Cardiovascular Hospitalist Program, Hartford Hospital, Hartford, Connecticut. Cardiovascular Fellowship Program (Hartford Hospital), University of Connecticut School of Medicine, Farmington, Connecticut.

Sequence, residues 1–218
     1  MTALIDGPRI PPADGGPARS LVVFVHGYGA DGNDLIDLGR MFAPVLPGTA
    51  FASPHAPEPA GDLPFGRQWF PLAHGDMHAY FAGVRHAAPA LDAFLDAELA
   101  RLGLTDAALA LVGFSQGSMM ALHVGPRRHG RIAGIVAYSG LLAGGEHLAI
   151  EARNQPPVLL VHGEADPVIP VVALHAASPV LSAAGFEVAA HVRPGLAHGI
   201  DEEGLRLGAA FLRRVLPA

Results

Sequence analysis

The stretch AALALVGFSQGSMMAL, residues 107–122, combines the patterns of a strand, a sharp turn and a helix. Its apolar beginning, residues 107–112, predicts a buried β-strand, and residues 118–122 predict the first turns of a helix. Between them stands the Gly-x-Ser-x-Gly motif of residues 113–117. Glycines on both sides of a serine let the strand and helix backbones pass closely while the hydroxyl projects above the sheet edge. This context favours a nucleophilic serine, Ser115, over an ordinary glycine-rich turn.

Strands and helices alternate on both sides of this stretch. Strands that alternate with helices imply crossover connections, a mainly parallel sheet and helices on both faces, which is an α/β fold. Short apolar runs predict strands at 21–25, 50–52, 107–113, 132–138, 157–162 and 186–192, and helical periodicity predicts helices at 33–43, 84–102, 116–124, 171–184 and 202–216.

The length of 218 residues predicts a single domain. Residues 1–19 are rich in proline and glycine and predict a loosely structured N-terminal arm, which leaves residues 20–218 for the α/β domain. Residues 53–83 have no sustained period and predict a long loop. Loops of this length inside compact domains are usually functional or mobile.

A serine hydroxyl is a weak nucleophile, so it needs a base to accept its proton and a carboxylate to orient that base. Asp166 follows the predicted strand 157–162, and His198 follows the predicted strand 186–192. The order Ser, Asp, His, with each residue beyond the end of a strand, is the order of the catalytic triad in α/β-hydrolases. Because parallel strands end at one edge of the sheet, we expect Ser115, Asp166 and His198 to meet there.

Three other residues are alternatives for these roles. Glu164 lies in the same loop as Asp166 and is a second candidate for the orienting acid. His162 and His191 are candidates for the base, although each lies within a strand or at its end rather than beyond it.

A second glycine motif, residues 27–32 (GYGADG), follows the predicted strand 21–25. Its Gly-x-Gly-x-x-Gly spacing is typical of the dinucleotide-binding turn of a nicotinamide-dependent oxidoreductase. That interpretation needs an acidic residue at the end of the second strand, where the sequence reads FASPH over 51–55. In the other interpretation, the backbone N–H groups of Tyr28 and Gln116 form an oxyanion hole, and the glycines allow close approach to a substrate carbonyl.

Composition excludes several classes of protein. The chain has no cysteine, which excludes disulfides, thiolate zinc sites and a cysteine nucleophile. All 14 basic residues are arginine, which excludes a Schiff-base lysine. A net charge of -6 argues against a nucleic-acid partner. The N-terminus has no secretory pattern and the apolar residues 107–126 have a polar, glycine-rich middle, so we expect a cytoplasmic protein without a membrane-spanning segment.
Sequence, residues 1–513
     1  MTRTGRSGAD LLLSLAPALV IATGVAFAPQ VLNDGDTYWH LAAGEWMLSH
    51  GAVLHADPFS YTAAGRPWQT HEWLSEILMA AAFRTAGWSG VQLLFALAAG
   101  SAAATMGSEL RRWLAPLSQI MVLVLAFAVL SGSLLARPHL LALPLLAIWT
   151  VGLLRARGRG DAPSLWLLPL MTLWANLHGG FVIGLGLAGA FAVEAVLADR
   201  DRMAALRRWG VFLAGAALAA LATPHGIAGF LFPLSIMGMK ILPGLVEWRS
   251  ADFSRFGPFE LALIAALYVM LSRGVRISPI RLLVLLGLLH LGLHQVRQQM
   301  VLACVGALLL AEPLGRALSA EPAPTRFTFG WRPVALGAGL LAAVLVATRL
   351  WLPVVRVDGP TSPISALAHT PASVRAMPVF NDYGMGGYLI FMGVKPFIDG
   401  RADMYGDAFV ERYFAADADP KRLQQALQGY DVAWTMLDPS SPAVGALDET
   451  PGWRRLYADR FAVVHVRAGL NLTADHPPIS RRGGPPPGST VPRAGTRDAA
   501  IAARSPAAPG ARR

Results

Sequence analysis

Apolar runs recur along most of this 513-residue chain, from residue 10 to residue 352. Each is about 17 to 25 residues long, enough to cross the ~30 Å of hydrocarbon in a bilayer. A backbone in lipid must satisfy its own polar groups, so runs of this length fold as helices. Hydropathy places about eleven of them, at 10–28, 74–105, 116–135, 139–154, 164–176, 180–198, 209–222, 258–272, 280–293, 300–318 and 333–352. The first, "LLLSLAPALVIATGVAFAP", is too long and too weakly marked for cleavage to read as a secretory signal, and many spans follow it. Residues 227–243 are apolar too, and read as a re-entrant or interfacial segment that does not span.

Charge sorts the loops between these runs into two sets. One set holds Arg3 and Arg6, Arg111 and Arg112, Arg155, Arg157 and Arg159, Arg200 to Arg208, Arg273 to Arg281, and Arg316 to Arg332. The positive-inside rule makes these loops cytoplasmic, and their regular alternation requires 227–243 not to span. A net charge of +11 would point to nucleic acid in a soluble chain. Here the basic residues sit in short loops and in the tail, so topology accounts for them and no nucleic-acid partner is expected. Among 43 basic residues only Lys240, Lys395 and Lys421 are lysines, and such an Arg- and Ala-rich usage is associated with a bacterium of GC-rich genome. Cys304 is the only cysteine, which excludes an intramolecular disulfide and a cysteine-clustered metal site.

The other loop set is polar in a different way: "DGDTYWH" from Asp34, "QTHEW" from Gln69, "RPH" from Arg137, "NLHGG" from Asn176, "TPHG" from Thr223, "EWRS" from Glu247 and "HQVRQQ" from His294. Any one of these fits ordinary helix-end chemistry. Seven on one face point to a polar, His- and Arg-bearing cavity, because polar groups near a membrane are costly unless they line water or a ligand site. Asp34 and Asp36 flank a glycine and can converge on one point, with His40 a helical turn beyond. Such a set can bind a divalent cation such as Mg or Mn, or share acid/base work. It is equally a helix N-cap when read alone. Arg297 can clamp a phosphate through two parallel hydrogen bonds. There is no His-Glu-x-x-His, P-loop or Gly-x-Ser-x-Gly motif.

10 accelerated production of free oxygen radicals and nitric oxide and continuing release of glutamate. Glutamate, an excitotoxic neurotransmitter that activates the NMDA receptors, causes disruption of Ca2þ homeostasis with resultant intracellular Ca2þ overload (Lipton, 1999; Bano and Nicotera, 2007). This triggers Ca2þ-dependent enzyme cascades that lead to lipid peroxidation and intracellular acidosis. In addition, there is a triggering of downstream signaling pathways resulting in apoptosis. A number of such pathways involve downstream signaling molecules such as phosphatidylserine, tumor necrosis factor family of death receptors, mitochondrial cytochrome c, caspases such as caspase-3, and DNA fragments (Scoltock and Cidlowski, 2004; Lopez-Hernandez et al., 2006). The destructive processes of excitotoxicity, free radical production, cytokine release, and the heterogeneity in cerebral blood flow during the pericardiac arrest period generates heat and results in rising brain temperature (Hayashi et al., 1994). This in turn leads to further activation of the cascades of destruction described above. The end point of injuries sustained in the ischemic and reperfusion stages is cellular death by necrosis and apoptosis. The degree of severity of these processes sustained during this period determines the neurological outcome and perhaps survival of patients with cardiac arrest. How Is Therapeutic Hypothermia Neuroprotective? Therapeutic hypothermia (TH) can be defined as the reduction of the core body temperature of a patient to 328C–348C in order to prevent or reduce neurologic injury. Although TH affords robust neuroprotection against global ischemiainduced neuronal death, the underlying neuroprotective mechanisms have not yet been fully understood. It has been shown that brain oxygen utilization reduces by *5%–7% for every 18C reduction in core body temperature (Oku et al., 1993). The reduction in energy demand slows the rate of high-energy phosphate depletion and lactate accumulation. This helps preserve membrane integrity and transcellular ion homeostasis. Current knowledge postulates that this may be one of the many beneficial effects of hypothermia on the brain (Sterz et al., 1996; Xiao, 2002). Hypothermia also retards the temperaturesensitive processes of injury described earlier. There is slowing down of the injury cascade seen in the ischemic phase and reduced cellular swelling and brain edema after establishment of cerebral perfusion (Dempsey et al., 1987). In addition, hypothermia reduces excitotoxic neurotransmitter release and mitigates oxidative stress as well as lipid peroxidation (Busto et al., 1989; Globus et al., 1995). If initiated early on, hypothermia also reduces the release of proinflammatory cytokines, nitric oxide, and glutamate from microglia and neurons (Kumar and Evans, 1997; Berger et al., 2002). Thus, hypothermia can potentially improve neuronal survival and diminish the various neurologic sequelae in the postcardiac arrest period.